22.6 Rights Without Duties
From Human Rights part of 'The Australian Achievement' by M Cooray (1996)

Hohfeld, a legal philosopher, emphasised the relationship between rights and duties and also the difference between right and privilege. Hohfeld emphasised that there cannot be a right without a duty. Right in one person presupposes a duty in another. The concept of a right without a duty is meaningless. Likewise he also distinguished between rights and privileges. A privilege is available on sufferance. It is a discretion vested in the person granting it. A right is an entitlement. On this analysis what are commonly called rights to employment, welfare, etc, are not rights. A right to employment is meaningless because there is no person who is under a duty to employ. Welfare is not a right. It is a privilege which is given to certain persons.

Whether one agrees with this analysis or not, it is undeniable that at the commonsense level a right involves a duty in another person or institution. As an essential commonsense corollary, it must also involve an acceptance of that duty by the person who is subject to it. It is ironic in society today that while more and more people are demanding rights, fewer and fewer people are concerned about duties, least of all those who are most vocal in the assertion of rights. Governments, the Human Rights Commission and many other government agencies provide doubtful leadership in this regard. They are educating people about their rights and are attempting to make more and more rights available with no reference to logic and commonsense. But they seem unconcerned about the need to educate people about duties and the importance of a sense of responsibility.

A dangerous byproduct of the welfare state and the growth of government is a profound attitudinal change in society which makes people demand more and more and contribute less and less. This transformation of the social psyche has taken place imperceptibly to the point that it unconsciously pervades the entire society. The preoccupation with rights (particularly state created social and economic rights) has become an obsession. Although this is not an intrinsic evil, the pursuit of rights becomes self defeating when it is unaccompanied by the commitment to duties. The pressures exercised by interest groups have become the dominant feature of the modern era. These demands come not only from the poor and the underprivileged, but also from privileged academic, bureaucratic, social and business groups. At the same time there is a deafening silence on the question of individual responsibility.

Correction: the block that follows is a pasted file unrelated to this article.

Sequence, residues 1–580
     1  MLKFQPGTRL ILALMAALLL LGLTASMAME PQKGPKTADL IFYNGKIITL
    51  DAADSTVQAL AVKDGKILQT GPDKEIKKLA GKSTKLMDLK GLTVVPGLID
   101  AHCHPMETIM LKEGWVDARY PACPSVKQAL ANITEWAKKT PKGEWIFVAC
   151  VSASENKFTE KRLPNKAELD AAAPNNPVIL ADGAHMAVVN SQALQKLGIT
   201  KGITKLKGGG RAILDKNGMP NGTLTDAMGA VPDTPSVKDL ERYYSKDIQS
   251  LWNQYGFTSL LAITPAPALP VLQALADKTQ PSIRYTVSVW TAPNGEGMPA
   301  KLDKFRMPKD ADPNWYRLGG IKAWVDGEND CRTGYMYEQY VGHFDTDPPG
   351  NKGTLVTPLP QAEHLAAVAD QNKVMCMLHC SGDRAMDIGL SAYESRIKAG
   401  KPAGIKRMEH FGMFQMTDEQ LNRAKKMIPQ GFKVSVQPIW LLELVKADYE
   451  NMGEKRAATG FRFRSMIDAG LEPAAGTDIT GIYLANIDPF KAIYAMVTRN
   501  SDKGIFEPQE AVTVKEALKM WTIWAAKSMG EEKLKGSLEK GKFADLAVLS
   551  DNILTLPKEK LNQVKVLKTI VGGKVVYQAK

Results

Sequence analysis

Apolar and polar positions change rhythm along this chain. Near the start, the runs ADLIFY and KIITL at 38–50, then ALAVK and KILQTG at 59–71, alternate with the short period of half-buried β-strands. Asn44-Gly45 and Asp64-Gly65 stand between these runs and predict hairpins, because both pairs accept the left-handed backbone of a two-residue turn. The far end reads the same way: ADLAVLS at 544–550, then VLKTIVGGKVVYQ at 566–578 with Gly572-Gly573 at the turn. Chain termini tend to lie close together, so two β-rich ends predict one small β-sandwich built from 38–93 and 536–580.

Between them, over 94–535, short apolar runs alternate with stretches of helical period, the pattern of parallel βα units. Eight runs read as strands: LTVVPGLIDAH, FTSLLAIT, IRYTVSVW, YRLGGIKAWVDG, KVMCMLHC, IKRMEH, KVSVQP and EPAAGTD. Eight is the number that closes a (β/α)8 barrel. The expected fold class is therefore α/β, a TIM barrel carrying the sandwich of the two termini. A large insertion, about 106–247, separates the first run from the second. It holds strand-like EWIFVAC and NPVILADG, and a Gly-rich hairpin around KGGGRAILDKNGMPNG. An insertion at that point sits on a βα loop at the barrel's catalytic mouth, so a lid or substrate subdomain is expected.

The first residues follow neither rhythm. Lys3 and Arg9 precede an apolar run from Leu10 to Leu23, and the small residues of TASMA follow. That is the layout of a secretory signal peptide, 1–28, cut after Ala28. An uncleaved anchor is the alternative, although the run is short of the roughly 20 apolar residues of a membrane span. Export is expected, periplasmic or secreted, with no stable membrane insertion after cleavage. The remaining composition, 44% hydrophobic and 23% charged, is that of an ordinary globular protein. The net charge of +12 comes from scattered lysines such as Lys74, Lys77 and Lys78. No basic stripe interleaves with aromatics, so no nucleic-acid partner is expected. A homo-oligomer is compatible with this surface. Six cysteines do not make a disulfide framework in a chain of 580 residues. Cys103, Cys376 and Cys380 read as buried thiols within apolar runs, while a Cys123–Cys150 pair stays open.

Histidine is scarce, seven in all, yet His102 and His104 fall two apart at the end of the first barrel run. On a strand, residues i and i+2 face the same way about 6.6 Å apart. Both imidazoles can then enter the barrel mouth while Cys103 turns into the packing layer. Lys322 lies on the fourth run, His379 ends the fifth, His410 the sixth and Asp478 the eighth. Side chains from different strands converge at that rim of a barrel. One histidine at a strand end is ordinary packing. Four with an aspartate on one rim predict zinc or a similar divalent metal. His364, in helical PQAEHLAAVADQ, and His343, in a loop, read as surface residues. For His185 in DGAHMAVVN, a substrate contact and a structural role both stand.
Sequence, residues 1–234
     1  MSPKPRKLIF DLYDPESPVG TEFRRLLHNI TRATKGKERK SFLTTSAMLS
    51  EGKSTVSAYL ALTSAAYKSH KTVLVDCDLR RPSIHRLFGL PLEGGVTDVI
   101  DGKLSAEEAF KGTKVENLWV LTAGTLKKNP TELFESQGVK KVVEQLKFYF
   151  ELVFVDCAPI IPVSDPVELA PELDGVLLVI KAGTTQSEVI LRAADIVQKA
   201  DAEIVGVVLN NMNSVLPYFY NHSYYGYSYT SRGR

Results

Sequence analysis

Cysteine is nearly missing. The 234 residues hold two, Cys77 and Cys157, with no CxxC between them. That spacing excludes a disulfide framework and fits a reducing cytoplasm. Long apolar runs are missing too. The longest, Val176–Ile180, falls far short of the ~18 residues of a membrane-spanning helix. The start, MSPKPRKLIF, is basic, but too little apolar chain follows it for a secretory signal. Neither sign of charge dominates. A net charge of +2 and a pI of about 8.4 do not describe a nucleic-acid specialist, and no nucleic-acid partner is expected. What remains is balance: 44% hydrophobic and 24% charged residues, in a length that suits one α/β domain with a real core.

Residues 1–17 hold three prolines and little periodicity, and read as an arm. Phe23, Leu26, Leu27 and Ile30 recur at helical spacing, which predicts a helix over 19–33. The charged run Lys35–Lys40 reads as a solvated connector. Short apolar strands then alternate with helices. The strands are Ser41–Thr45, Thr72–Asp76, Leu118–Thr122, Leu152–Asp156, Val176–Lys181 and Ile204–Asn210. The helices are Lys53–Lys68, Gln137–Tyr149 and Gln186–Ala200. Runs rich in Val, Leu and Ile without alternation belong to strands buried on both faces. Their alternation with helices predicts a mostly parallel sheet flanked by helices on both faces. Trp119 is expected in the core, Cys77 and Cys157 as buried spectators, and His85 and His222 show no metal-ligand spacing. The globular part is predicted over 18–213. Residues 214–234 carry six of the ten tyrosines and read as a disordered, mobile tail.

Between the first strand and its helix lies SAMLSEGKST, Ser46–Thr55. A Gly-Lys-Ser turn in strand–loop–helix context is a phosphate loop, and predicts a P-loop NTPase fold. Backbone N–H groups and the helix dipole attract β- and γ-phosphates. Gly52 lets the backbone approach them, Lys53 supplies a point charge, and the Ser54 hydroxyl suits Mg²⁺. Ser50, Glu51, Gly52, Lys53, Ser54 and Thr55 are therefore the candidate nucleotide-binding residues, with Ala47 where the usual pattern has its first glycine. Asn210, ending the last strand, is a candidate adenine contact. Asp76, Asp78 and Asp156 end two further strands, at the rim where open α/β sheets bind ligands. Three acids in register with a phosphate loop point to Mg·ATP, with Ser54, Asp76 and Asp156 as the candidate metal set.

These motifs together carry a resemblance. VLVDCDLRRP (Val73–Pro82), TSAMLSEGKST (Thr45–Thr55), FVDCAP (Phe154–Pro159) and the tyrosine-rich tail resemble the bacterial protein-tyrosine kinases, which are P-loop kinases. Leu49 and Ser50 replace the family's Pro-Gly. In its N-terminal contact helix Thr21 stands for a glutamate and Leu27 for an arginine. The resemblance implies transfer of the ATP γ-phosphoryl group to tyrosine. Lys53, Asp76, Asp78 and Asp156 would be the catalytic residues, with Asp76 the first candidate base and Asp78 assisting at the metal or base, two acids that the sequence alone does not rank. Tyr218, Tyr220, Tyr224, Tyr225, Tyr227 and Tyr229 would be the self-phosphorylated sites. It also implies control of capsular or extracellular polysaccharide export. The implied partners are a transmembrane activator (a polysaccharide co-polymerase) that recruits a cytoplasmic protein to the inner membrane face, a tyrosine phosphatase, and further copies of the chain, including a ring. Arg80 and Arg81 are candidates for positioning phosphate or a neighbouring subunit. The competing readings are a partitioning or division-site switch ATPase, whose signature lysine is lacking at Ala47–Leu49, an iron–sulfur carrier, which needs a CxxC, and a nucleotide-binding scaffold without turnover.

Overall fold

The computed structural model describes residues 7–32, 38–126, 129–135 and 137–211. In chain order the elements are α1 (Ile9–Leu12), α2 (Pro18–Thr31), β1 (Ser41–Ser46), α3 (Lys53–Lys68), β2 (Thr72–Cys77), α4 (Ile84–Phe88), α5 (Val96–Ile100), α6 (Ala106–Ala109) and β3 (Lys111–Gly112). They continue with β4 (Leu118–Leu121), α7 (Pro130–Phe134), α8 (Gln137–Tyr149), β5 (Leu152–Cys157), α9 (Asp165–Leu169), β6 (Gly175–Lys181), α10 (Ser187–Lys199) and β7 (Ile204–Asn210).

The interventionist welfare state has become a super patriarchal entity from which individual members have come to expect solutions to all problems. Rights are being demanded and duties forgotten.

The Bible emphasises duties and responsibilities (not rights). The Ten Commandments are duties. Duties have been more important than rights in the Australian Achievement. The emphasis on rights to the near exclusion of duties and responsibilities in modern society is a challenge. There is a grave danger in the push towards legislative recognition of subjective (so-called) rights in response to the demands of politically influential pressure groups.

A duty-centred society is preferable to a right-centred society. If individuals are concerned about their duties, responsibilities and obligations, they cannot but be concerned about the rights and freedoms of others. A right-centred society is one in which individuals assert their rights. They are encouraged by the Human Rights Commission and like Commonwealth and State bodies, to demand rights, with no consideration for the effect of those demands on other people, eg the right to protest and demonstrate conflicts with the right of pedestrians and motorists to use the public roads for the purpose for which roads are built.

Governments and pressure groups which focus on rights, give no thought to how rights can operate in the absence of a climate in which the importance of duties is emphasised.

There is no end to the so-called rights which can be demanded. A right-conscious society, in effect, recognises a few rights and neglects many others. The rights that are recognised are those which are demanded by the powerful, the aggressive and the nasty.

There cannot be a right without a duty. An endless cacophony of demands by interest groups for rights has become a dominant feature of the modern Australian State (fed by legislation which encourages these demands). At the same time there is a deafening silence on the question of individual responsibility. The time has come to realise and to emphasise that rights, whether material or political, depend on the discharge of duties. Wealth and prosperity are created by effort. Only continuing effort can sustain them. Western societies through effort have achieved a level of prosperity unparalleled in history.

History has continually demonstrated that the greatest of civilisations decline and fall when they succumb to indulgence at the expense of discipline and endeavour. The fate of Egyptian and Roman civilisations are prime examples. It is not too early for Western Civilization to heed the supreme lesson of human experience.